Sokolov takes a stand against stupidity

For regular readers who have been irritated and distressed at the relatively slow pace of posts this month, take heart- a proper blog post full of wonky musical nonsense is on its way.

However, while reading the paper this afternoon, I came across this gem in today’s Independent.

The Barbican has been forced to cancel a concert by the Russian pianist Grigory Sokolov because of changes to visa regulations requiring non-EU citizens to provide fingerprints.

Sokolov, 57, was due to perform a programme of Mozart sonatas and Chopin on 10 May at the London concert hall, followed by an appearance at Glasgow’s City Hall. But the pianist will no longer travel to the UK, where he has been performing regularly for the past 18 years, because he is unwilling to disrupt his schedule to apply in person for the new biometric visa.

A Russian citizen with Italian residency, Sokolov was told that, after years of someone else applying for a visa on his behalf, he would have to travel from his home in Verona to Rome to provide fingerprints…

Read the whole thing here.Now, Grigory Sokolov may not be a household name and international jet-set superstar, but I dare say, Sokolov probably can make as fair a claim as anyone in the world to being the greatest living pianist.

That ill-considered, short-sighted, beaurocratic obstructionism would prevent an artist of such standing coming to the U is simply pathetic. I almost said tragic, but it is more of  a farce than a tragedy, except that there are so few chances in life to hear an artist of this calibre- it is a tragedy for those who were lucky enough to have tickets. This is the kind of backward, insular and paranoid way of dealing with the outside world that one used to associate with working behind the Iron Curtain or in the most corrupt of banana republics, not in the world’s most culturally dynamic capital.

These visa requirements are nothing but ludicrous posturing- they won’t make anyone safer in any country. Remember, many of the worst terrorists in recent British history were UK citizens and residents, and there is no visa requirement for Europeans or Americans. The Oklahoma City bomber could come to the UK today on a tourist visa (were he not dead), but Grigory Sokolov has the tromp all over Italy being fingerprinted like a criminal.

We need security legislation that protects our lives livelihoods and liberty, and we need it in all countries. We don’t need more neo-totalitarian surveilance-society snooping and meddling, and we certainly don’t need and can’t afford to wall off our countries into isolationist backwaters of parochial ignorance.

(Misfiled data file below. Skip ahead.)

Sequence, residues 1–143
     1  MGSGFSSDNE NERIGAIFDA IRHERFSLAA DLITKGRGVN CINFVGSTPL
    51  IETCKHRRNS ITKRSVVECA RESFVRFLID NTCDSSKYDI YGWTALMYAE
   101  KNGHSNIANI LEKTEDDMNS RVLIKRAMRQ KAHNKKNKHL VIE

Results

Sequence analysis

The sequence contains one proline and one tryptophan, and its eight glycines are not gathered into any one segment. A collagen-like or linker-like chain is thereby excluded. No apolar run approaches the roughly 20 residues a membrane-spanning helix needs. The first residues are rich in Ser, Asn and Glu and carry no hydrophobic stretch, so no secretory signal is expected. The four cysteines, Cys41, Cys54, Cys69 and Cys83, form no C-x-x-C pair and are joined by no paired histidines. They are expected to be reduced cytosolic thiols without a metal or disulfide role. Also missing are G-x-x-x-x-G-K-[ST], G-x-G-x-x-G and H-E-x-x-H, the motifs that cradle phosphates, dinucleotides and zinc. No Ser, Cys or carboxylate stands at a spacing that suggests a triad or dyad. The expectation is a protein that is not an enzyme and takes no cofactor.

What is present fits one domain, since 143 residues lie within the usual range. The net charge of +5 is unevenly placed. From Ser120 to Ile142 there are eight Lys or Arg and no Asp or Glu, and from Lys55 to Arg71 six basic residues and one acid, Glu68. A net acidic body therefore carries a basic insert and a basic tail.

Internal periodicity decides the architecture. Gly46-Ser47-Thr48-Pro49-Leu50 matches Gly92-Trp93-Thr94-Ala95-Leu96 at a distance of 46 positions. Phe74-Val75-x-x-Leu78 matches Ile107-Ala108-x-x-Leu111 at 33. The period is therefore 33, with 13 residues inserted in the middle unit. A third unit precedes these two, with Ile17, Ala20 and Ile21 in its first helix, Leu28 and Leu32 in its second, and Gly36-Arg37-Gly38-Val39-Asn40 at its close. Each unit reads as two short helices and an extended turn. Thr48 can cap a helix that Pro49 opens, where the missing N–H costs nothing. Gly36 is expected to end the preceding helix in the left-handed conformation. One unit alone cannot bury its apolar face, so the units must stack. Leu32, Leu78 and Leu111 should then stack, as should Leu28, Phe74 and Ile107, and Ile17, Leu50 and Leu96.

Cultural exchange is more needed than ever, and what the world really needs is international visa-free travel for all artists and cultural ambassadors (Ireland already extends tax-free status to artists), who do so much to energize our economies and enrich our societies while being modestly rewarded financially.

Write your MP!

More from the Independent here.

I had already written this when I discovered to my delight that Jessican Duchen was already on it. Well done, Jessica, both for mentioning the story and for highlighting Sokolov’s pianism (somethign she has done many times)

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About the author

American conductor, composer and cellist Kenneth Woods is Principal Conductor of the English Symphony Orchestra, Artistic Director of the Colorado MahlerFest and cellist of the string trio Ensemble Epomeo. He records for the Avie, Somm, Nimbus, Signum, MSR and Toccata labels.

Learn about Kenneth at www.kennethwoods.net

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5 comments on “Sokolov takes a stand against stupidity”

  1. ComposerBastard

    so, he cannot provide fingerprints through interpol or any other european station of repute? Or through a consulate or embassy from his native country? Something seems amiss in fact here

  2. Kenneth Woods

    Also, let me mention that American visa requirements are among the most asine and counterproductive in the world. The burden on non-profits in trying to encourage cultural exchange has become ludicrously onerous.

    KW

  3. Alexy

    Just read your article about Sokolov. I would like to let you know that I’m so happy that he has at last that recognition! If you could now imagine that about 20 years ago, when I become his listener and supporter (he is from St.petersburg and at the time was a professor of piano
    in St.Petersburg National Conservatoire ) there was only like 70-100 peoples in the St.Petersburg Chapelle concert hall ( 800 seats) and nobody of my friends in France even 10 years later, could believe me that it’s just a phenomenon, not only like pianist, but as an genius artist and philosopher of music… . His every creation is like a message to the
    world…

    It’s such a shame that his best interpretations are not on CD. I have in St.Petersburg his Beethoven soviet (1988)vinyl disc of 27 and 32 sonatas. The interpretation of 32 is just unbelievable (live recording from 1986)

    And instead of that what we have in the stores?

    Really no truth on this earth!

    Very best wishes to you!
    many thanks for Sokolov

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